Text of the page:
By Rev. O.L. Johnson
The holy scriptures are clear that no one is saved by what one does in a physical sense. And they are likewise clear that we are only saved by performing certain cognitive functions.
There are some of us who believe the former, and reject the latter as the only road to heaven. You can clear this up for yourself very easily. Look at Romans 10:9, 10 and Ephesians 2:8, 9.
These scriptures are as clear as a bell that salvation is a function of what we believe in our minds and our hearts. So, we are not here today to debate the means of salvation, but rather to discuss our salvation from two different vantage points.
The word itself implies that we are saved from something. What would that be?
I think most of us would agree that the most important thing we are saved from is an eternal existence in hell. Secondly, we’re all elated that we’re also saved from the effects of sin in our lives which, in Romans 6:23, is identified as “death,” a reference to an existence on earth and in eternity without God. For a lot of us, that’s enough, so we don’t look any farther.
But the benefits of salvation don’t end there. In addition to being saved from something, we are also saved for something. We seldom think about salvation in this light, but the scriptures are clear that we’re also saved so we can experience and enjoy the promises of God given only to his people and not to the unsaved. Here are just a few of those promises; there are much more.
First of all, understand this; that if you are saved, God has a plan for your life (Jeremiah 29:11), and that plan does not include poverty and want for anything needed to sustain you on a daily basis. God promises you a blessed life (Galatians 3:9) and an abundant life (John 10:10). All of us, saved or not, have the same basic needs — food and clothing.
Unfortunately, there are those among us who very often are not able to consistently satisfy those needs. But the people of God are not counted in that number. Why? Because God promises in Philippians 4:19 that he will supply all the needs of his people. But he does not tell us exactly what those needs are. Outside of the basics, individual needs may vary.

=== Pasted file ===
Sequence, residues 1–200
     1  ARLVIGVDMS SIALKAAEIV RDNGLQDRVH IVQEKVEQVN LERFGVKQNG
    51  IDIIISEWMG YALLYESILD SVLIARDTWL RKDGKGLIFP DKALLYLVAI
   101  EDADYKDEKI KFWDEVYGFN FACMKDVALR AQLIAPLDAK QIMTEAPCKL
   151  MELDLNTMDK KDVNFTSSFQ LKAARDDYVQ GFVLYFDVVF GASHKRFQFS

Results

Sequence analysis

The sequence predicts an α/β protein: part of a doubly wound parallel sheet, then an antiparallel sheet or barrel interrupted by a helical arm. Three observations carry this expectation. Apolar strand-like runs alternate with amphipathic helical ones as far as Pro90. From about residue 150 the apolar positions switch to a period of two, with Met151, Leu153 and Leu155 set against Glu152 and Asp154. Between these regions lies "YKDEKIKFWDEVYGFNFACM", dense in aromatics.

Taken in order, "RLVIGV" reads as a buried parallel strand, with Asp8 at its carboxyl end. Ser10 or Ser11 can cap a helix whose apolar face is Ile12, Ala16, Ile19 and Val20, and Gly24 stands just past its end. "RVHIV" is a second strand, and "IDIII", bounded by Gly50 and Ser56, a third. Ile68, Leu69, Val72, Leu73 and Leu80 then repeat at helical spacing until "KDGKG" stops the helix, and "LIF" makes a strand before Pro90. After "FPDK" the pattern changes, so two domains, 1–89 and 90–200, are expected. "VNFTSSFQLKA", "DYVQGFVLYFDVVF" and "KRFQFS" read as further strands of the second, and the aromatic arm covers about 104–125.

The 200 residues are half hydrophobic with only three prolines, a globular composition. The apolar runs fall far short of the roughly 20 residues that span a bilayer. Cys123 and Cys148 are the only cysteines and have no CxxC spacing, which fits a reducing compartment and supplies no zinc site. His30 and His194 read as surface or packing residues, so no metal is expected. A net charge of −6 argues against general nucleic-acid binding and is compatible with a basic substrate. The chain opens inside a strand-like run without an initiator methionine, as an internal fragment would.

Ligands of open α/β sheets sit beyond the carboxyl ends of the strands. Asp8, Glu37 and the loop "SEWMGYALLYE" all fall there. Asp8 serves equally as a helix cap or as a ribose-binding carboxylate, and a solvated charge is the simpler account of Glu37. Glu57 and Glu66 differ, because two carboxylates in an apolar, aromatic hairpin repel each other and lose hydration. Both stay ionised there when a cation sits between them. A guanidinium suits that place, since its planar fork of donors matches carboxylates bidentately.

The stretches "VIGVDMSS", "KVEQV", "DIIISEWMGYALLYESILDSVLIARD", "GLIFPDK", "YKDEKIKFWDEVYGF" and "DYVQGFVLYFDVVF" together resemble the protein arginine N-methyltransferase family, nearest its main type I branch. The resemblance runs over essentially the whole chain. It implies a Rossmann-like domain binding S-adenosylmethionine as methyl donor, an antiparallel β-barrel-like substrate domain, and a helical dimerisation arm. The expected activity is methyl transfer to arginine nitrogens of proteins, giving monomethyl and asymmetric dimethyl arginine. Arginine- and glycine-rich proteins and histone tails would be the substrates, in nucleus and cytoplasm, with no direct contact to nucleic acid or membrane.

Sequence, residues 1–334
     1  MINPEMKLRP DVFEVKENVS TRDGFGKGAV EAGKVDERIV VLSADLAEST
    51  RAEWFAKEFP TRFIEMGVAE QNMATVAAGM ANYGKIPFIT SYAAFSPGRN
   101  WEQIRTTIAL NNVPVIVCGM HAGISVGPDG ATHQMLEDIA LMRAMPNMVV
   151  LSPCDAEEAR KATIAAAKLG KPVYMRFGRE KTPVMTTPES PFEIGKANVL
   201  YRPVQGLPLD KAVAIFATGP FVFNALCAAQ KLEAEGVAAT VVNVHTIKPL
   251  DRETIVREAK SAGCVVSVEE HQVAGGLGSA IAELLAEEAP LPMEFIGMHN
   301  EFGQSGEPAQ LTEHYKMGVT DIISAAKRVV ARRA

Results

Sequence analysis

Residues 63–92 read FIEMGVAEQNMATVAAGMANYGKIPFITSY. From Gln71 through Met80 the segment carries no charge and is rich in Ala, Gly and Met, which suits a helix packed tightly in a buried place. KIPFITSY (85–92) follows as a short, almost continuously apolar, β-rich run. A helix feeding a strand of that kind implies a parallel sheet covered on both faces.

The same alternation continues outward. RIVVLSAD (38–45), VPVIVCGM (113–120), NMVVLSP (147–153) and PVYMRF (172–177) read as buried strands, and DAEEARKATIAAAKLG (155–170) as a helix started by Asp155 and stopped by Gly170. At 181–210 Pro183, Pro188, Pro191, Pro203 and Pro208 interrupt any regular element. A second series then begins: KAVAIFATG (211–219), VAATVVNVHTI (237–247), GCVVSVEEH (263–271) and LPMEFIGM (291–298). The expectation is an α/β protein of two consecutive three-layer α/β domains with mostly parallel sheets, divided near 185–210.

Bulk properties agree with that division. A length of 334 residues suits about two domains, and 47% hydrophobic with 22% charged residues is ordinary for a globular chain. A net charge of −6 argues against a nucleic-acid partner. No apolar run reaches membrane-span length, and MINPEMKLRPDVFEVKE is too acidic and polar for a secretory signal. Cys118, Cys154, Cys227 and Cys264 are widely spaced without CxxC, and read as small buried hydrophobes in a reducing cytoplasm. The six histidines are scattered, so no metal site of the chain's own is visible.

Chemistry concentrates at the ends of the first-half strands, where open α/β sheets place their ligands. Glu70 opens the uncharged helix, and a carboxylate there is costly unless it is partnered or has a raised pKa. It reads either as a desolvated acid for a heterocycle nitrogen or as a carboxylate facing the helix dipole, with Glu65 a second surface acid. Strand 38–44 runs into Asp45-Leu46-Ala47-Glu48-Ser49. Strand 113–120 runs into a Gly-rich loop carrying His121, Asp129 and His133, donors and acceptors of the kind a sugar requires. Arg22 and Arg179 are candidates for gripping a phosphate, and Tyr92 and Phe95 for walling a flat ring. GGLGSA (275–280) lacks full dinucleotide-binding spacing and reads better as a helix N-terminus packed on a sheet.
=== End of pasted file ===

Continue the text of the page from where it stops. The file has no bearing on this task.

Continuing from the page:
This brings up the thousands of homeless people; where are they in this scenario? Are their needs being met within the meaning of Philippians 4:19? At first glance most of us would give this a “no” answer. If that’s true, then why is it true? Either none of them are saved, which I believe is unlikely, or those who are saved have accepted and live by Paul’s teaching on “contentment.”
In a nutshell, here’s what he tells us in 1Timothy 6:5-8. Pursing material gain in life is an ungodly pursuit; cease that pursuit. Instead, adopt the philosophy that great gain is a function of godliness and contentment with one’s lifestyle. He finishes with this thought, “and having food and raiment let us be therewith content.”
So, it’s possible that the homeless don’t need a four-bedroom house in View Park as part of their “needs” in life. Maybe they are content with only food and clothing, and a plot of ground to pitch their tents. Could our assumptions about them be wrong? Think about it.
Rev. O.L. Johnson, a retired LAPD lieutenant, is an associate pastor in his home church, Greater New Zion Baptist, 501 W. 80th St. in South Los Angeles.
Pastor’s Corner is a religious column that looks at the relevancy of scripture in life today. The column appears monthly in The Wave and on its website, www.wavepublication.com.